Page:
Employee non-compete agreement policy


  • Provided by TechRepublic Premium
  • Published March 26, 2017
  • Topic TechRepublic Premium
  • Format PDF
Don’t let your valuable corporate assets and proprietary information walk out the door when an employee leaves the company. This non-compete agreement defines what knowledge and skills they can—and can’t--take with them if they accept another job.

From the policy:

Employers across many industries often use a non-compete agreement (NCA) to keep company-owned intellectual property from being used elsewhere. An NCA prevents employees who resign from forming or working for competing businesses. While there is nothing wrong with using occupational skills developed on the job (such as system administration or network engineering), a properly framed NCA is intended to prevent ex-employees from profiting elsewhere based on their knowledge of private company information and existing personnel.

Many NCAs serve as contractual agreements to restrict employees, consultants, or other service providers from working within a certain industry sector, and/or for a particular organization, and/or for a specified length of time. Some have been overly restrictive and if enforced, could endanger a former employee’s ability to continue working in their career. The goal of a fair NCA is to protect company secrets and staff, not to limit people’s employment opportunities or punish them for finding employment elsewhere.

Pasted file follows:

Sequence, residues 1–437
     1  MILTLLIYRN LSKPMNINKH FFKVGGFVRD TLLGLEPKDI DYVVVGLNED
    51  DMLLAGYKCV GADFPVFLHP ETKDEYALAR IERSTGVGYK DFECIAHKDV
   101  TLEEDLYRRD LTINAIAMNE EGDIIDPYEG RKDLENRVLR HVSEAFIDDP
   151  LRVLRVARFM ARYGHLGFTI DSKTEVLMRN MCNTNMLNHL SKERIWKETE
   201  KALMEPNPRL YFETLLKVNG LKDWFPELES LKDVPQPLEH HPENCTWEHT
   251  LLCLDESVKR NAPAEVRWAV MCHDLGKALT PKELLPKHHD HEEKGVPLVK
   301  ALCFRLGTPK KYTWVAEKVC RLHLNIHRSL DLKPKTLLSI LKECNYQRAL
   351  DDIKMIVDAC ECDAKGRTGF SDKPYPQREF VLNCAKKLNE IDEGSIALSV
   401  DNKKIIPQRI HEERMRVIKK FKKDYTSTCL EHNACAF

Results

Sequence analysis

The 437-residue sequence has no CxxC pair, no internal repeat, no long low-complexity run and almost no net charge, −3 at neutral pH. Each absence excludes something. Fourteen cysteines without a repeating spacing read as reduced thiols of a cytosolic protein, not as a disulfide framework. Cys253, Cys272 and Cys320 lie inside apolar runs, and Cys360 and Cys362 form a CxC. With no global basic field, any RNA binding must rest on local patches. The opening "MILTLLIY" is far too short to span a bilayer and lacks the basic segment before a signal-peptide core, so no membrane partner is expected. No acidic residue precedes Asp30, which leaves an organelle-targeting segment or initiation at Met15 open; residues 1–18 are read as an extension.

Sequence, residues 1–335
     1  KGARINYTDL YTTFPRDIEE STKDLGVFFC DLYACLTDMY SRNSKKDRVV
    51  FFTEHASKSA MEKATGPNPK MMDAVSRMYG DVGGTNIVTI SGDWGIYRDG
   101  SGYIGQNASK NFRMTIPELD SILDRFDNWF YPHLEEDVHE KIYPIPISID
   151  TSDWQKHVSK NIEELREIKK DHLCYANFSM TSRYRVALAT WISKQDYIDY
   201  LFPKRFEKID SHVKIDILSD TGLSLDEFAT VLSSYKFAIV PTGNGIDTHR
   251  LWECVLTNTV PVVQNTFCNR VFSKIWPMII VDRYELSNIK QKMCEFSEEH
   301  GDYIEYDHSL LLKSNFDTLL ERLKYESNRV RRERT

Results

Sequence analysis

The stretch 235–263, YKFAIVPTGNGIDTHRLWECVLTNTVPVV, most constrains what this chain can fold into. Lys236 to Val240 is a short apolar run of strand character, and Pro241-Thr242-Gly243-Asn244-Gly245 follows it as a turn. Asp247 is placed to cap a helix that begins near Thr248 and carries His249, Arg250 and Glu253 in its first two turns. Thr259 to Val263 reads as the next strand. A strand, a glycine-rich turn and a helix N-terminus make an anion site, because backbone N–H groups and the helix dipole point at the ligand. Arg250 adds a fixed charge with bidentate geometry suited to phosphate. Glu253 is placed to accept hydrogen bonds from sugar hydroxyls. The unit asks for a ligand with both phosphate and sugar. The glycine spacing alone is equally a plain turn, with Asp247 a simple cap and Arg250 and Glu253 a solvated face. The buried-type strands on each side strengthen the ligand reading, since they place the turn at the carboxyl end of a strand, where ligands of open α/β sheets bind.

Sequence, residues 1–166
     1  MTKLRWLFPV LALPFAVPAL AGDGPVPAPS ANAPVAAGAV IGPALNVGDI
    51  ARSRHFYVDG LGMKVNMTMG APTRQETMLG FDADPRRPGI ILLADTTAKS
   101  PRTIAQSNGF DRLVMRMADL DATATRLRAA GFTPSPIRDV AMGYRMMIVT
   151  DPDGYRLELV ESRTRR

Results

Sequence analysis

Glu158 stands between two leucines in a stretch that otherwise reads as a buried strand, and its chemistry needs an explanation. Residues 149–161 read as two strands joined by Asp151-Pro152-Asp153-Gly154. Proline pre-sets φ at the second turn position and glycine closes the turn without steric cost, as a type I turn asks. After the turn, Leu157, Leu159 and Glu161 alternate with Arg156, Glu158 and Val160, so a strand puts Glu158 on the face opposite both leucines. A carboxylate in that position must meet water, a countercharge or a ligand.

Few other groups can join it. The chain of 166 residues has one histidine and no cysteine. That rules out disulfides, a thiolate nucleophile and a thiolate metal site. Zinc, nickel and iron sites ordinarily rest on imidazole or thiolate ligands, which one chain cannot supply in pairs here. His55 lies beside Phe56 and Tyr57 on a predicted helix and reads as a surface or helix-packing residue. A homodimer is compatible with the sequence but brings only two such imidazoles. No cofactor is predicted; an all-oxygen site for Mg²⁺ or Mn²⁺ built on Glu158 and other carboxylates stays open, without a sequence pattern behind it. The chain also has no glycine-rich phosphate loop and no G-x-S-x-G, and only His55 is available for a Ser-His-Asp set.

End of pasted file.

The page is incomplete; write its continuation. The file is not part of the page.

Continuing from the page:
Definition of private company information
This non-compete agreement is designed to protect the organization’s business interests and/or proprietary trade secrets, hereby defined as “private company information.” This information can include, but is not restricted to, company processes, customer lists, external contacts, programming or trade secrets, financial histories and projections, product management strategies, marketing campaigns, and other types of confidential, proprietary business data, which if misused or leaked, could cause harm to the organization.

A good rule of thumb to determine which material fits the criteria of private company information is to evaluate whether the information is publicly shared or kept for internal use only. The latter instance quite likely falls under the category of private company information, especially if it is restricted to certain internal personnel.

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